The upcoming March 31 deadline for Genco Shipping & Trading (GNK 0.46%) to score waivers from its debt holders hangs over it like the sword of Damocles. Whenever you are considering the ultimate fate of a company struggling to survive such as Genco, one thing that you should ponder is if its creditors have an incentive to foreclose. Would Genco be worth more in liquidation? The answer may surprise you.
A new problem for Genco
Genco Shipping & Trading has 53 vessels in its fleet, with 42 of them generating revenue based on the daily spot rates. Nine out of the other 11 run at fixed-rated contracts that are near or below the average daily spot rates for the fleet. The problem is that these rates have recently had a dramatic plunge.
I'll spare you the math, but the average rate each of Genco's ships is getting is around $10,000 even per day as of the time of this writing. According to the company's third-quarter presentation, its out-of-pocket cash expenses are around $10,700 per day. This means that Genco is currently losing tens of thousands of dollars every day while it negotiates for mercy from its creditors. In order for its creditors to grant that mercy, they must take a risk and gamble on the chance that shipping rates will improve. At the current pace, Genco won't be able to afford to keep the lights on, never mind pay its creditors if rates don't go up.
In debt up to its eyeballs
As of Sept. 30, Genco was almost $1.9 billion in the hole to creditors (including various other liabilities). After you back out liquid assets, an illiquid investment, and its equity stake in Baltic Trading Limited (NYSE: BALT), the company is still on the hook for around $1.7 billion. While Baltic Trading is cash rich following a serious of equity raises and has a number of analysts forecasting a profitable 2014, the 5.7 million shares Genco owns is a pittance compared to its debt unless the stock price of Baltic Trading rises multiple times. This leaves the value of its ships.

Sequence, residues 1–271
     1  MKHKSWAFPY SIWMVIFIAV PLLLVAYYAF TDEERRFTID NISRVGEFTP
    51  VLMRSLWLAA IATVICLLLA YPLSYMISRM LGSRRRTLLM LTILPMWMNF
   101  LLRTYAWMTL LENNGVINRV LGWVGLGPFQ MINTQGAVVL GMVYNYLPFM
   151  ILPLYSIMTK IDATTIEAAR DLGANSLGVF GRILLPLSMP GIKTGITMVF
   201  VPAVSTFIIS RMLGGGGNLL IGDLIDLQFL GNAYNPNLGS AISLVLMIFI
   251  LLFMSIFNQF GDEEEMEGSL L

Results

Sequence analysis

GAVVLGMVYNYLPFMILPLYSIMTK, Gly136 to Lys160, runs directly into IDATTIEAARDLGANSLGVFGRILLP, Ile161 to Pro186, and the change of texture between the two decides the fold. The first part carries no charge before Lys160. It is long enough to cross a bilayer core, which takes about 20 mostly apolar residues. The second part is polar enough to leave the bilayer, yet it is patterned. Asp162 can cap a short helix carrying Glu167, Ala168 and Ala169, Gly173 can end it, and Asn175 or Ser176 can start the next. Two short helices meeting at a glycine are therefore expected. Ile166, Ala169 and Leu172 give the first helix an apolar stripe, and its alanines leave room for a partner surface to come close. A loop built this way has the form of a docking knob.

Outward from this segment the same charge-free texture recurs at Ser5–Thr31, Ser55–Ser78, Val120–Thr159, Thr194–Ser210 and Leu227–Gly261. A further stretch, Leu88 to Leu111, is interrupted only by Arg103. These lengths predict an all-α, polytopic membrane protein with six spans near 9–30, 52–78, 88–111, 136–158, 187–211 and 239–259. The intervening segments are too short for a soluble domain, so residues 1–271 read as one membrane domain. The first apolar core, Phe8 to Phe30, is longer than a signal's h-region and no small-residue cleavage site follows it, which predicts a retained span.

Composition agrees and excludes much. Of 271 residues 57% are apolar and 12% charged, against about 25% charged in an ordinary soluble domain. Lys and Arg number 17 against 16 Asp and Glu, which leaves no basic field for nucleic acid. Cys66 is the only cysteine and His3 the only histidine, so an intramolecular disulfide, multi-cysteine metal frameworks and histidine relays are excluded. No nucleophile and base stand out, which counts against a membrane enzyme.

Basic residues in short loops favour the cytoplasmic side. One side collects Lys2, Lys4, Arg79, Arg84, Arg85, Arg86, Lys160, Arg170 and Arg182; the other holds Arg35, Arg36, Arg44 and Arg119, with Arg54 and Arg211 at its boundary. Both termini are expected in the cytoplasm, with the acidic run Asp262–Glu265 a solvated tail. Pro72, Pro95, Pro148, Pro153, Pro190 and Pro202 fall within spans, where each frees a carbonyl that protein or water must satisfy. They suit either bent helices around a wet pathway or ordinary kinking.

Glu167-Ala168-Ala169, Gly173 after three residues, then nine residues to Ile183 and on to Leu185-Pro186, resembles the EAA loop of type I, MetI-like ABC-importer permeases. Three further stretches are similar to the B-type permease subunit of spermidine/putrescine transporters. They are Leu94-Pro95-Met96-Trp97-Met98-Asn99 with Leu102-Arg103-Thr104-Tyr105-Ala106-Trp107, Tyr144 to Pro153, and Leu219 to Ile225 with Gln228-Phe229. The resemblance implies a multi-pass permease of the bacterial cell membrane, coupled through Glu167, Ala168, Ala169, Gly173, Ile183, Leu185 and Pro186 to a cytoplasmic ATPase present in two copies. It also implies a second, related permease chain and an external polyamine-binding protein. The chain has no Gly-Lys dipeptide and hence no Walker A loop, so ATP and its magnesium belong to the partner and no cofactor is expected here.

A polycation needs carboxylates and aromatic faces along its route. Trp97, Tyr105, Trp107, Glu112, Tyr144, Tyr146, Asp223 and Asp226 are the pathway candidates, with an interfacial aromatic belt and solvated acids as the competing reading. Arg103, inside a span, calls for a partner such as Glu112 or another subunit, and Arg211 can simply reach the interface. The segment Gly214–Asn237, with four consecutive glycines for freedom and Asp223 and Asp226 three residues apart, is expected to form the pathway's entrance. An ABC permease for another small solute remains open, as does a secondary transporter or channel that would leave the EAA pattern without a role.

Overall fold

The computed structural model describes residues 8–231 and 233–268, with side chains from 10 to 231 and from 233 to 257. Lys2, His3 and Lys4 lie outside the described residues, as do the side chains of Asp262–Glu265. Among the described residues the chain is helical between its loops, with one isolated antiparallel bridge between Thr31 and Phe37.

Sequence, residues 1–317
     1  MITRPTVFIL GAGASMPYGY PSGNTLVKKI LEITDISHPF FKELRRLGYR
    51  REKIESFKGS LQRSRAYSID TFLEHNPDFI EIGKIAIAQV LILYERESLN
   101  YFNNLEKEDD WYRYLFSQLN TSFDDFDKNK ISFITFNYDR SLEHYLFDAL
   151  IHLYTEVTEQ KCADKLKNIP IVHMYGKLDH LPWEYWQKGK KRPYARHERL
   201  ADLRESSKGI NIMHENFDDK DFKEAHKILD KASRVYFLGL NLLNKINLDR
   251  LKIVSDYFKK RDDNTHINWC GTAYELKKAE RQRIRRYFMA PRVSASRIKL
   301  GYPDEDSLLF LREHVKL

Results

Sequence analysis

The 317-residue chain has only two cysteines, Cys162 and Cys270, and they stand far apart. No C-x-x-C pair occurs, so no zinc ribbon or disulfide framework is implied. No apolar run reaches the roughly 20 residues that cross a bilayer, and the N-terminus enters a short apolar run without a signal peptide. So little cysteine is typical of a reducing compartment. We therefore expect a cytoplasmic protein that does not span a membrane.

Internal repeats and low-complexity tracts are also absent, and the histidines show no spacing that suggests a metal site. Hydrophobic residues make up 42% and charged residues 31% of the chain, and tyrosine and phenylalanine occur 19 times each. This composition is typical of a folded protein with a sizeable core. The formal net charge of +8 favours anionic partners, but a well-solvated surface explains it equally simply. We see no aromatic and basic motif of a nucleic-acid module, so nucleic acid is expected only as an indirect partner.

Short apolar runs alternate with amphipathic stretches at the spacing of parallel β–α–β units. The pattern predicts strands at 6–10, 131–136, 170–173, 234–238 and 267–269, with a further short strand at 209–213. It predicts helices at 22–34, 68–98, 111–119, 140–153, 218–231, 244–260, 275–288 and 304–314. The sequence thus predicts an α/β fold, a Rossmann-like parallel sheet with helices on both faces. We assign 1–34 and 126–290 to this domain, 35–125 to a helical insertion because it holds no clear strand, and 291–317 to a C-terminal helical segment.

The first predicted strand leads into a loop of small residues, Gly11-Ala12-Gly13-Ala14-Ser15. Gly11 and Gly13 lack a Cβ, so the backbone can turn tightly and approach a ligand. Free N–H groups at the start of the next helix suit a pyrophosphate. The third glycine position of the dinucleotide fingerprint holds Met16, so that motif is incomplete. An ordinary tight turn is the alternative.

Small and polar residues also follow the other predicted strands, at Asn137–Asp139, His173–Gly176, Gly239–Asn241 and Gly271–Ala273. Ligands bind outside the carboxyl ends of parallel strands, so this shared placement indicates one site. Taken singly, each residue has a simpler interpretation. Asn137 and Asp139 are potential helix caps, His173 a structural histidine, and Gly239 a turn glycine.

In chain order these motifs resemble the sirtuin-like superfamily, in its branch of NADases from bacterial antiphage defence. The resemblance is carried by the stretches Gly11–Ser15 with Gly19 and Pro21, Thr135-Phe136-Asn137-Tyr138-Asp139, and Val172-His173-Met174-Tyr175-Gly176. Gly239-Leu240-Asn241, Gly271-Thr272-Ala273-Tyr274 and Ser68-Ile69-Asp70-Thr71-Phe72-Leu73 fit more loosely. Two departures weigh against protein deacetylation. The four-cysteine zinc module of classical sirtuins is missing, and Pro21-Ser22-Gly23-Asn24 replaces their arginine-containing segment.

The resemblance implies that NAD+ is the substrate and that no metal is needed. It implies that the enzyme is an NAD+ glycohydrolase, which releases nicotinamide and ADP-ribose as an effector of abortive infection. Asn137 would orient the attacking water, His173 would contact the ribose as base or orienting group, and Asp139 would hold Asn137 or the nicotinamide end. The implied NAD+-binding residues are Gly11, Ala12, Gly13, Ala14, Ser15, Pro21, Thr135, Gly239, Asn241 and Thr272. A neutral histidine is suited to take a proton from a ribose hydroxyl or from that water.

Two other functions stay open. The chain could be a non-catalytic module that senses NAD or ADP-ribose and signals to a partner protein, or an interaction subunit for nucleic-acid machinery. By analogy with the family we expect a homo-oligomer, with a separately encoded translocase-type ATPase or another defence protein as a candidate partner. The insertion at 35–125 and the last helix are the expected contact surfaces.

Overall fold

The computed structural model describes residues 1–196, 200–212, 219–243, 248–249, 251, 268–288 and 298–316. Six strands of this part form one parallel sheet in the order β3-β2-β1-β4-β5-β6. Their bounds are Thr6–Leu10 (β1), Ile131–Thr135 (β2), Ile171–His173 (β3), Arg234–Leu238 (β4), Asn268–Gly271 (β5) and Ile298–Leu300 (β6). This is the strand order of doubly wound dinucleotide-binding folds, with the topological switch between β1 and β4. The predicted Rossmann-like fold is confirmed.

Many experts, analysts, and dry ship executives believe the current rate environment will get better; the lenders don't necessarily share that optimism. In the most recent conference call, when rates were much higher, Chairman Peter C. Georgiopoulos warned that lenders in the industry are "still conservative." CFO John C. Wobensmith added that banks have their own balance sheet issues that suggest that their ability to be lenient may be limited.
Now the question is whether the lenders could be made whole through liquidation. While I'm no expert at forecasting what each of 53 ships could fetch in a sale, we could probably make a decent best-case, optimistic estimate.
The average age of Genco's Capesizes is three to four years old. Capesize ships of that age generally sell for around $50 million each; Baltic Trading Limited recently acquired two Capesize ships that were one to two years old for $103.5 million. Using $50 million each would seem generous or a total of $450 million for its nine Capesizes.
the average age of Genco's eight Panamax ships is around 13 years. Navios Maritime Partners recently bought a seven-year-old Panamax ship for $17.8 million. Using this figure for Genco's eight yields a very optimistic $142.4 million.
Finally, Genco has 36 Supramax, Handymax, and Handysize ships. The average age of this group is around eight years. Very recently a Supramax vessel was sold for $20 million. Using this number for the entire group would yield $720 million.
Adding it all up
Based on all these optimistic figures, liquidation of the ships would yield just over $1.3 billion, leaving Genco around $400 million shy of paying off its liabilities. This is before any additional costs that would come with the unwinding of any company, including things like severance packages, legal fees, and the like. The question is: Would the creditors want to take a 24% or more hit on what they're owed by foreclosing and liquidating? Or would they rather take a chance, even if it's not a chance that they'd like to take and hope that things to improve (and that cash flows improve with them)? Or will the creditors just force Genco into bankruptcy, take over the company, and cut the little shareholders out?
There's even the possibility that the creditors enact a quasi–bankruptcy, by which they would be issued so many shares of Genco that the dilution devalues the common shares to almost nothing. Any way you slice it, holding on to the stock is extremely risky at best. There's enough risk with dry shipping stocks in general due to the nature of the industry. Fools should consider sitting this one out.
So, yes, Genco Shipping & Trading Limited is worth more dead than alive. With higher debt than its assets could realistically fetch, it's net worth is negative.